Reporter fights ruling forcing her to reveal Aurora shooting sources

Appeals court hears arguments Tuesday in case with implications for journalists nationwide

Jana Winter, center, is at the center of a legal battle over whether a state can compel a journalist to give up a confidential source.
Ed Andrieski/AP

New York's highest court began hearing arguments Tuesday over whether state law protects a Fox News reporter from being forced to reveal confidential police sources behind leaked information about James Holmes, the accused killer of 12 people in a suburban Denver movie theater.

The decision could have an impact on reporters in New York and nationwide. 

Holmes' lawyers want Jana Winter, who works at New York-based Fox News, brought to a Colorado courtroom to name two law officers who told her Holmes had mailed a notebook depicting violence to a psychiatrist.

They argue the sources violated a gag order, may have later lied under oath about it, and won't be credible as trial witnesses.

Holmes' attorneys argue that New York journalists, as a group, are not immune from being subpoenaed to testify in other states.

The Court of Appeals will hear arguments Tuesday. Its ruling is expected in December. Holmes' murder trial is scheduled for February.

New York has a strong so-called "shield law" protecting professional journalists from having to disclose their confidential sources and preventing courts from finding them in contempt if they don't disclose them. Colorado has a similar law, but with an exception to subpoena information "directly relevant to a substantial issue" that cannot be obtained elsewhere.

'Never wavered'

Winter reported that the notebook, mailed to a University of Colorado psychiatrist before the mass shooting, had drawings of "gun-wielding stick figures blowing away other stick figures." She cited two unnamed law enforcement sources.

"In cases of confidential source information, the privilege is absolute," Winter's attorney Dori Hanswirth said of New York's law. "It was designed to be very strong."

"Essentially what we're arguing is that the public policy in New York that's embodied in the shield law should have prevented the judge from signing off on this particular subpoena," Hanswirth said Monday. 

He said Winter has "never wavered" on the accuracy of her report.

New York's shield law was first enacted in 1970. Gov. Nelson Rockefeller said at the time that it would make New York, as the nation's principal center for news gathering and dissemination, "the only state that clearly protects the public's right to know and the First Amendment rights of all legitimate newspapermen."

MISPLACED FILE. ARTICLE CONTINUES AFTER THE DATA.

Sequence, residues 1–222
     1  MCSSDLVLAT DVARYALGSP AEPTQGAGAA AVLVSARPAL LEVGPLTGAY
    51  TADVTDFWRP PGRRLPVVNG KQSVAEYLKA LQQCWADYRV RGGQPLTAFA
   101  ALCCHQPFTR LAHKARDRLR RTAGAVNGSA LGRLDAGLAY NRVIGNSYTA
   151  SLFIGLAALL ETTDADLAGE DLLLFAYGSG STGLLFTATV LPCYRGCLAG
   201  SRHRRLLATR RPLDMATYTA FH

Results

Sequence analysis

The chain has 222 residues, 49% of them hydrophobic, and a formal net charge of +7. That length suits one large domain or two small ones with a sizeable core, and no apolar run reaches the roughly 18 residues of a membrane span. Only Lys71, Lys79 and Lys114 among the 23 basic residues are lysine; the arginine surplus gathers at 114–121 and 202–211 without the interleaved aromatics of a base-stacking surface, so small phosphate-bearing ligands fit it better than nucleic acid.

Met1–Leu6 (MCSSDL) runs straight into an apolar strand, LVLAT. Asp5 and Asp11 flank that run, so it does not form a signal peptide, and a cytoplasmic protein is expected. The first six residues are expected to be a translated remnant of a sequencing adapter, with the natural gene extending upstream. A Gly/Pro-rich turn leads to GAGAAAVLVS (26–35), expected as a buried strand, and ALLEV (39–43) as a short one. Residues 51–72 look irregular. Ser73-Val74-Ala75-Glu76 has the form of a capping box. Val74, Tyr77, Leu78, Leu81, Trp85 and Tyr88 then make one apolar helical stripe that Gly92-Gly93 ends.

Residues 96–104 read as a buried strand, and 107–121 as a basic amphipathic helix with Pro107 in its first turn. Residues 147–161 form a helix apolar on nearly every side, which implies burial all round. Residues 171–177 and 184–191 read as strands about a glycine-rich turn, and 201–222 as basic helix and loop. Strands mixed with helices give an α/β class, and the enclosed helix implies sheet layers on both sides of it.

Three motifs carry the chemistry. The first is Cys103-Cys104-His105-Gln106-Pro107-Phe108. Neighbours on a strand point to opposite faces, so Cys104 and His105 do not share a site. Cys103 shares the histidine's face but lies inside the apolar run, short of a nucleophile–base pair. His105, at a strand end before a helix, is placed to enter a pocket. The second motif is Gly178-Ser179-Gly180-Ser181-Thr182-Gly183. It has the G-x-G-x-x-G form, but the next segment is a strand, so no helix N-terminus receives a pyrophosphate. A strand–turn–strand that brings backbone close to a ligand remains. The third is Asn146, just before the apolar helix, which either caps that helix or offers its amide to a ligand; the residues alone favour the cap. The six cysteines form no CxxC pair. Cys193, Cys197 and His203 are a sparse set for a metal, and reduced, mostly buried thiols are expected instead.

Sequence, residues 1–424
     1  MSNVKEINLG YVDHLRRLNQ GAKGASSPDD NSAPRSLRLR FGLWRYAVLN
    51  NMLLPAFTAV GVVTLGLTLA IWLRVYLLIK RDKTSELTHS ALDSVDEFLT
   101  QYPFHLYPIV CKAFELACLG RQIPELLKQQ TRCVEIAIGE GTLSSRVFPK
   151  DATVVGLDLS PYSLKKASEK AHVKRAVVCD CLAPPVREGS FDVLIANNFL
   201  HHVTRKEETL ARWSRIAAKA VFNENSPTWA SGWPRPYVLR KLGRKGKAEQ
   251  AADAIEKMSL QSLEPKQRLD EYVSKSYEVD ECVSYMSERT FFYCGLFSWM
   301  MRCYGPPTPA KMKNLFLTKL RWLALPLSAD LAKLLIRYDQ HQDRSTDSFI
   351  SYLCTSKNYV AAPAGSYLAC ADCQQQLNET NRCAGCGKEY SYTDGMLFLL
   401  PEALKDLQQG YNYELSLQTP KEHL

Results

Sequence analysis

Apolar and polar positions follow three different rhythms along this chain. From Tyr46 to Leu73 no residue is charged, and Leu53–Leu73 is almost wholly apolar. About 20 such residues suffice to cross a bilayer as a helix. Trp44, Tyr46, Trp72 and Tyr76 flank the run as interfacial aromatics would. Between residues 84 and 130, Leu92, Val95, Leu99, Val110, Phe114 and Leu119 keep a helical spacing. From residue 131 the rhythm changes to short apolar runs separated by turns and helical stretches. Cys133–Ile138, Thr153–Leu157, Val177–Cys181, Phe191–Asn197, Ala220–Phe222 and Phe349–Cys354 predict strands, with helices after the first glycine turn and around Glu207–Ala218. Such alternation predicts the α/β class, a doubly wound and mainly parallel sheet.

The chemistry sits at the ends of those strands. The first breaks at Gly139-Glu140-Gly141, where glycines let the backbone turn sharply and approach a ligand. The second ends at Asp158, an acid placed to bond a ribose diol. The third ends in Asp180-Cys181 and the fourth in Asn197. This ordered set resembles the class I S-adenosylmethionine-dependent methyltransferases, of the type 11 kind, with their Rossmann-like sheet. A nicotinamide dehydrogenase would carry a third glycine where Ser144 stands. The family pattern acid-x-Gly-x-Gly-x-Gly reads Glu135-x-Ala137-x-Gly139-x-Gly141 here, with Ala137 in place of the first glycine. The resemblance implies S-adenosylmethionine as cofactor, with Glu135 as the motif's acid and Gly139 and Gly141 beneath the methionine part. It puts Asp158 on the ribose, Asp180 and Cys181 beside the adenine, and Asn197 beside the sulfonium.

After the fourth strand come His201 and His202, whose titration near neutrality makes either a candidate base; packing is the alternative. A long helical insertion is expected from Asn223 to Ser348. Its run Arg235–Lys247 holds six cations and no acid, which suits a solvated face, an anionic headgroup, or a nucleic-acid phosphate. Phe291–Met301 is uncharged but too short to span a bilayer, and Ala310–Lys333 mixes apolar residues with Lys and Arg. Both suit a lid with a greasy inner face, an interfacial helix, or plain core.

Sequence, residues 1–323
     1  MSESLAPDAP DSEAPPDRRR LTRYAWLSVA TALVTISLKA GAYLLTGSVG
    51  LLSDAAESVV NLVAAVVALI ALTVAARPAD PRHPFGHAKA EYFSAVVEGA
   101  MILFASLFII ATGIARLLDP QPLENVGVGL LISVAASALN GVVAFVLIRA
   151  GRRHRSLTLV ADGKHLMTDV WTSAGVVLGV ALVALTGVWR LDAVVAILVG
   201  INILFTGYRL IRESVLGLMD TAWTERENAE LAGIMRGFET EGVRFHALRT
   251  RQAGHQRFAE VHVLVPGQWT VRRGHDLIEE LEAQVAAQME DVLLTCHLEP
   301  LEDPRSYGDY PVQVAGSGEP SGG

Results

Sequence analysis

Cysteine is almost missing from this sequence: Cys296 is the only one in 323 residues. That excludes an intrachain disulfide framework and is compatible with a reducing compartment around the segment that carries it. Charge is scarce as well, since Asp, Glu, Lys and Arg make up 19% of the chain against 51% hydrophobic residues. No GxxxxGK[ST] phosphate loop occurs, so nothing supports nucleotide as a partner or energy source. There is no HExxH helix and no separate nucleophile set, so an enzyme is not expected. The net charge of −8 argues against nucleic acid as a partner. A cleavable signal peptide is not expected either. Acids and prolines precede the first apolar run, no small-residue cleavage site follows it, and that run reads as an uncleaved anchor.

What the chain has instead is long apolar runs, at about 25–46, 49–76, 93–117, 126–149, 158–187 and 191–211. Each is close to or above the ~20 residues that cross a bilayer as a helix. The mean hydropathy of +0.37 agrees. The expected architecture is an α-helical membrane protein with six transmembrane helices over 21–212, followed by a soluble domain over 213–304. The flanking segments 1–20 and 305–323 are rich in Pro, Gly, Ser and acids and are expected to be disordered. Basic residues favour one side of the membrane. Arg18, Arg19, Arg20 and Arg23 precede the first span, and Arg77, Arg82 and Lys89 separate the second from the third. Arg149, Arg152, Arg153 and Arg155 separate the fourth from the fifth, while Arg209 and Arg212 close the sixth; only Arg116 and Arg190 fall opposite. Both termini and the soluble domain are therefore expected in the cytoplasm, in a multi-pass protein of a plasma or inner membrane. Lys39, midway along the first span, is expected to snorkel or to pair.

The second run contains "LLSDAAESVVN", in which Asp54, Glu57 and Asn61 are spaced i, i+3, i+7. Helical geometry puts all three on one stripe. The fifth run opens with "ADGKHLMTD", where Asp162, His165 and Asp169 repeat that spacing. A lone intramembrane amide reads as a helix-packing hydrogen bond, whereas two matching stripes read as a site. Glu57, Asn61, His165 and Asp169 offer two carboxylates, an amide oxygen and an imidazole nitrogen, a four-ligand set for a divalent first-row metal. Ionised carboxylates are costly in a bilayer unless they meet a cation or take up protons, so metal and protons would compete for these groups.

Daniel Arshack, an attorney for Holmes, said this case isn't about the shield law at all — just about issuing a subpoena to a witness.

"The only issue before the court in New York is whether there is a singular class of citizens who are immune to subpoenas," Arshack said.

"If the court in New York was to unilaterally decide that one class of citizens is immune from being subpoenaed to another state, we could expect that other states could likewise define safe no-subpoena-zones for various types of citizens that they particularly cherish: oilmen in Texas, movie stars in California, gamblers in Nevada, socialists in Vermont," Holmes' attorneys argue, according to the Albany Times Union

'Dead letter'

A lawyer for Winter put it differently in her team's legal brief, saying the debate went to the very heart of investigative journalism   

"A journalist's ability to go beyond official press releases and uncover the facts that authorities, corporations, or even just private individuals might prefer be kept hidden — the very definition of an investigative reporter — depends almost entirely on the journalist's ability to cultivate and maintain relationships with sources," attorney Christopher T. Handman wrote, according to the Times Union. 

"If a New York reporter can be stripped of her protections under New York's public policy simply because the reporter crossed state lines, New York's robust public policy in favor of confidential sourcing will become a dead letter for all but the most parochial stories."

A lawyer for Winter told the paper that she is prepared to go to jail before revealing her sources. 

Advocates of shield laws argue that if courts can compel journalists to reveal their sources, people who want to remain anonymous in reports will be reluctant to go to the media, since they can't be sure their identity will remain secret. 

Former New York Times reporter Judith Miller, who spent 85 days in jail in 2005 for refusing to reveal her sources, has voiced her support of Winter's stance. 

A Manhattan judge granted the subpoena for Winter to testify, rejecting the claim she's protected by New York's shield law.  

Justice Larry Stephen concluded that whether Winter's information is needed and should be disclosed was an issue for the Colorado court to decide.

A midlevel court agreed. The majority wrote that compelling her to testify was not the same as compelling her to disclose sources. The three justices also concluded the issue of admissible evidence and journalist privilege "remain within the purview of the demanding state rather than the sending state," in this case Colorado.

The two dissenters countered that the majority "fails to acknowledge the near certainty" the Colorado court will compel her to either identify her confidential sources or go to jail for contempt, contrary to New York's public policy.  They said she could suffer "undue hardship" in damage to her career.

Al Jazeera and The Associated Press

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